• Pat's Island to Hidden Lake via Florida Trail. ...
  • Buck Lake Loop via Florida Trail. ...
  • Salt Springs Observation Trail. ...
  • Bear Swamp Trail. ...
  • Alexander Springs Loop. ...
  • Clearwater Lake Loop. ...
  • Highway 40 to Hopkins Prairie via Florida Trail. Moderate• 4.5(73) ...
  • Hopkins Prairie via Florida Trail. Moderate• 4.7(97)

Does anyone live in the Ocala National Forest? ›

There are approximately 45,000 people live within the borders of the Ocala National Forest, the second oldest and second largest forest in the United States, established by President Theodore Roosevelt in 1908.

What is the best drive through Ocala National Forest? ›

Providing more than 60 miles of exploration by car, the Florida Black Bear Scenic Byway - a National Scenic Byway- is a network of scenic roads between Silver Springs and Ormond Beach, including SR 40 through the heart of the Ocala National Forest.

What is the sinkhole in Ocala National Forest? ›

Overview. High in the sand pine/scrub oak forest is the Lake Eaton Sinkhole Trail, winding through palmetto and deer moss to a dry sinkhole about 80 feet deep and 450 feet wide.

Can you drive a car through Ocala National Forest? ›

Providing more than 60 miles of exploration by car, the Florida Black Bear Scenic Byway - a National Scenic Byway- is a network of scenic roads between Silver Springs and Ormond Beach, including SR 40 through the heart of the Ocala National Forest. The Byway traverses some of Florida's most pristine ecosystems.

How many lakes are in Ocala National Forest? ›

There are approximately 600 natural lakes in the Ocala National Forest with lakes Bryant, Mill Dam, Kerr, Crooked, Wildcat, Lou Echo, Grasshopper, Eaton and Quarry Fish Pond being the most popular.

Why is blue sink closed? ›

“Blue sink was closed by the agency due to safety,” said Carrie Sekerak, acting district ranger of the Ocala National Forest. Sekerak, a veteran of the Ocala, has seen years of degradation brought about by irresponsible users, and Forest Service efforts to restore Blue Sink destroyed.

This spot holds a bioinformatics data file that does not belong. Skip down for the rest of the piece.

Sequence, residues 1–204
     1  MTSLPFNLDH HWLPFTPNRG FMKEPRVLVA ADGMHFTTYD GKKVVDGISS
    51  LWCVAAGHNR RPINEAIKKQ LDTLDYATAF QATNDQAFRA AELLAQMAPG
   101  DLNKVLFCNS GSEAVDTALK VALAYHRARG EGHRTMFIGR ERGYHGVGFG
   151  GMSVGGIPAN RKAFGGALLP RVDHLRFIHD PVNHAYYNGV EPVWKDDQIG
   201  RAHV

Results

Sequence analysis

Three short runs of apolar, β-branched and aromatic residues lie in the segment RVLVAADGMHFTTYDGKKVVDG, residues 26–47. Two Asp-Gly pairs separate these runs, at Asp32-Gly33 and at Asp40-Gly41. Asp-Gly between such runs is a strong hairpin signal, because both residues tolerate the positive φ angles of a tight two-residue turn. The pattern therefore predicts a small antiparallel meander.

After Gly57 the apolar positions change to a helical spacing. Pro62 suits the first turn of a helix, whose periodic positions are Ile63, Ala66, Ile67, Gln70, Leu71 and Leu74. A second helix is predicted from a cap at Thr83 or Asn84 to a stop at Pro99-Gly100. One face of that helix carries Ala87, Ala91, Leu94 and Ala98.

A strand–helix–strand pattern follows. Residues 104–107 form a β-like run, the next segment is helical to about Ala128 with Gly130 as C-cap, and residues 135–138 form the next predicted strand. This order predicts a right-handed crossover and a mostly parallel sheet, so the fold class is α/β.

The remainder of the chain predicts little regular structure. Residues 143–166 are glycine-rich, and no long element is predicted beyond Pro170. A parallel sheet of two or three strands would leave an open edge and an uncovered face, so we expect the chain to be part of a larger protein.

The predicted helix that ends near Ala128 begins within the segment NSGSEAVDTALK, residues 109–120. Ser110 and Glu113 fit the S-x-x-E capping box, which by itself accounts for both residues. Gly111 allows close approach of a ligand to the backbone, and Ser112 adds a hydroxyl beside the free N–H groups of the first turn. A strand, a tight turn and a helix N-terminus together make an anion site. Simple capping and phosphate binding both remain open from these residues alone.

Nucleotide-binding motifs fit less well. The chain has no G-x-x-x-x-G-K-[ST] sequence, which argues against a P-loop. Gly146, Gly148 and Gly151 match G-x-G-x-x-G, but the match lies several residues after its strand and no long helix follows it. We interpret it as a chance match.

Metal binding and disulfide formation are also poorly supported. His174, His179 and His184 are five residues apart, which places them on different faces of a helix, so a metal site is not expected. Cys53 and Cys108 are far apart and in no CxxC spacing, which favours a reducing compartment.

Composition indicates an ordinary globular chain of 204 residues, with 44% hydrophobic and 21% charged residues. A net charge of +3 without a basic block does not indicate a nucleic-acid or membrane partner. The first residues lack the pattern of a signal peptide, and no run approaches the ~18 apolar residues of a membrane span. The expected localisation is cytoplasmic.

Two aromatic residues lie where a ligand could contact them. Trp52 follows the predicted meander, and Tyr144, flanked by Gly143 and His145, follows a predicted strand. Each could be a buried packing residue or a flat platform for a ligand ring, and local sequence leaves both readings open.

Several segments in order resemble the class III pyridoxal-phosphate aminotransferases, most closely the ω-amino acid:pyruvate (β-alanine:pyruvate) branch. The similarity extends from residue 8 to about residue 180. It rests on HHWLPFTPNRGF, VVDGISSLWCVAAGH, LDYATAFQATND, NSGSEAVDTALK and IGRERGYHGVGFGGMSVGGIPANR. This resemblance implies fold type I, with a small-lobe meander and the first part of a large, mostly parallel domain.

Can you see manatees in Ocala? ›

In Ocala/Marion County, located just an hour north of Orlando, a visit to the natural springs often means a visit with the manatees. During the cooler winter months, manatee sightings are frequent, as they take a liking to the springs' warmer waters.

Can you drink alcohol at Ocala National Forest? ›

While visiting the Ocala National Forest please remember the following rules and safety information: n Many recreation areas prohibit the use of alcohol. Signs are posted where alcohol is prohibited. n Pets are allowed in all campgrounds and on trails, but must be on leashes no longer than six feet.

How old is the Ocala National Forest? ›

In 1908, President Theodore Roosevelt signed the Ocala National Forest into existence as the third national forest east of the Mississippi (only the Chippewa National Forest in Minnesota and El Yunque National Forest in Roosevelt's beloved Puerto Rico are older).

How many bears are in the Ocala forest? ›

Florida officials would like you to stop feeding trash to bears. "We estimate that more than 1,000 bears live on the Ocala National Forest," says district ranger Carl Bauer.

How big is the Ocala National Forest? ›

Florida National Forests. THE Ocala National Forest has a gross area of 441,925 acres and is the most southern of the four national forests in Florida, being the only one within the peninsular portion of the State. It lies between the cities of Ocala and Daytona Beach.

How many deer are in Ocala National Forest? ›

Since the restrictions were imposed in 1982, the herd has increased annually. In 1983, biologists estimated there were 4,450 huntable deer in the forest, excluding those in refuges where hunting is prohibited. This year, in those same hunting areas, there are an estimated 5,850 animals.